Acolyte

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Acolyte – Review

I don’t often review games anymore because I don’t have the time to play games for fun, let alone have enough time to properly dedicate to a game review. When Acolyte needed to be checked out for review, I offered to review it since our other PC reviewers were already flat out with other games.

I had no idea what Acolyte was about, and I didn’t even look it up on the interwebs prior to playing it. Normally I would. Suffice to say, I was both surprised and intrigued by what I was presented with once I fired up Acolyte.

I was expecting to be greeted with a full-screen intro followed by the full-screen game. Instead, I had a portrait-shaped window on my desktop, reminiscent of those annoying vertical videos that seem to be becoming more prevalent on social sharing sites. Once loaded, I am greeted with my own Android Assistant or ‘Acolyte’ that I am now tasked with bug-testing as a QA Software Tester in my new job with “Nanomax”.

As I mentioned, I hadn’t done my usual research on the game prior, which may or may not have been a good thing.

Acolyte is a dynamic narrative ARG/detective game that gives you your own Acolyte; a digital assistant you can talk to freely without pre-defined dialogue options. Just like a real conversation.

Become an employee of Nanomax, a well-funded tech start-up looking to change the face of consumer AI with its upcoming Acolyte application. As a remote-worker for the company, you’ll interact with its employees and absorb its culture. But unexplained firings, missing employees, and a strange, highly-classified bug in the Acolyte code-base point to something being very wrong.

As you work with your new Acolyte, who seems to be intrinsically caught up in the company’s problems, you’ll find yourself at the very heart of the conspiracy.Acolyte Steam Store Page

On my first play, I quickly managed to get myself stuck by not knowing what I am meant to do next. Every command or sentence I typed I was met with a response from my Acolyte saying she didn’t understand, and I need to rephrase it. I lost interest almost immediately.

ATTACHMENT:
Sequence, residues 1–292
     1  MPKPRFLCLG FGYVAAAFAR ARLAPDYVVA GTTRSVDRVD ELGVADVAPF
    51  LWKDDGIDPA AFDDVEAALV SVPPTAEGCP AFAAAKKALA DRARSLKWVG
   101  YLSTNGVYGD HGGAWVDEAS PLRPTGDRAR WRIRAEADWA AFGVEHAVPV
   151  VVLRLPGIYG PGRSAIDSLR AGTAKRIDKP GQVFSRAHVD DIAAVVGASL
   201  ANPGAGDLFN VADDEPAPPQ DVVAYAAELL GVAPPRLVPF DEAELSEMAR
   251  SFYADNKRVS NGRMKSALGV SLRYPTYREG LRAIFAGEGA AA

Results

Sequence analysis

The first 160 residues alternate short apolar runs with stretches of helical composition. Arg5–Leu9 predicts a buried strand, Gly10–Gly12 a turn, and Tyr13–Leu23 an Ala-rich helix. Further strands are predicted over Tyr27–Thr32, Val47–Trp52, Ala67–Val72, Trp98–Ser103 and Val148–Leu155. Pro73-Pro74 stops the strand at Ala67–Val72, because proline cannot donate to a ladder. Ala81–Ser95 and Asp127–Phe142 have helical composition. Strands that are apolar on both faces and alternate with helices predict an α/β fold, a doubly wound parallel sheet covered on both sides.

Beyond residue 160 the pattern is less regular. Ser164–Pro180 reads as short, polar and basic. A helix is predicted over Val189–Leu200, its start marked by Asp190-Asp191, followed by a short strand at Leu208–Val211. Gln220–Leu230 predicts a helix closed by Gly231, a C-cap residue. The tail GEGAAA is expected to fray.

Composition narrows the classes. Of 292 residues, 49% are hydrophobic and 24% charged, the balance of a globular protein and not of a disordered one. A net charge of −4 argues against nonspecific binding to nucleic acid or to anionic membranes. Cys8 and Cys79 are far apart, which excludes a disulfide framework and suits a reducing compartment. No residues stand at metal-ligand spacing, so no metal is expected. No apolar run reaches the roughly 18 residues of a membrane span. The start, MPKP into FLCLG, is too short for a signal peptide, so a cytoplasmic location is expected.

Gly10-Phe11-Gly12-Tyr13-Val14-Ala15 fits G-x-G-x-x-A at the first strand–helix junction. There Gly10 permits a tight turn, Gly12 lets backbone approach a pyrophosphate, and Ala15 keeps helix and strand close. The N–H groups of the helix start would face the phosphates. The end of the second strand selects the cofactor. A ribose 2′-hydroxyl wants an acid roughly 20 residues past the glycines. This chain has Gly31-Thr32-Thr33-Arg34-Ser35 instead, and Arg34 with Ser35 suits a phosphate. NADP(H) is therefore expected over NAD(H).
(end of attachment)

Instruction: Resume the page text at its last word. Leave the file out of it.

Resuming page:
I had to try again obviously, so the following day, I figured I’d give my Acolyte another chance.

Acolyte reminds me a lot of “Hacknet” but manages to go further to try to blur the lines between a game and real life. If you didn’t pick up on it, your role in the game is that of a newly hired QA Software Tester for the company “Nanomax”.

The goal of the game is to figure out what is really going on behind the scenes of Nanomax with the help of your Acolyte. Figure out why staff are getting fired for seemingly no reason or worse, going missing completely. Find out why there is a strange bug that seems to hint at much more with clues that send you deeper and deeper into the world of conspiracy theories and corporate whistleblowers.

Can you figure it out before it is too late?

The purpose of the vertical mobile phone style desktop window that you play the game in is to keep the rest of your desktop free to use the real internet and watch YouTube clips & there is even a reason to open the file manager to be able to progress in the game (this is a hint for new players). It is this that makes Acolyte not only different from anything else I’ve ever played but also refreshing & highly intriguing.

As you play through it, you will discover quickly that not everything is as it seems, and you WILL need to think outside-of-the-box as it were.

There are parts of the game that are harder than maybe they should have been, and ‘Acolyte” I think, will be one of those ‘love it or hate’ type games. But if I can give one piece of advice for new players, that is to give it a chance and not to give up too early. I ended up loving this game for multiple reasons, but it is how well Superstring managed to blur the lines between playing a game, experiencing a game & real life that really won me over.

I look forward to seeing how Acolyte evolves from here, and if I could wish for one thing for Acolyte, it would be the ability to play it on my phone.

YouTube player

The Good

  • Intriguing Story
  • Refreshingly Different Gameplay Style
  • Gets Those Braincells Going
  • How Do I Know It Isn't Real?? Maybe The Matrix Has Me...

The Bad

  • A Hints System Would Be Helpful At Times
  • Maybe A Little Slow To Get Started
9
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10

Written by: Kurt Frohloff

A Founder of MKAU, a gamer, a family man. I have a love of all things gaming and a wish of mine is to have more time to actually play the games we review here!

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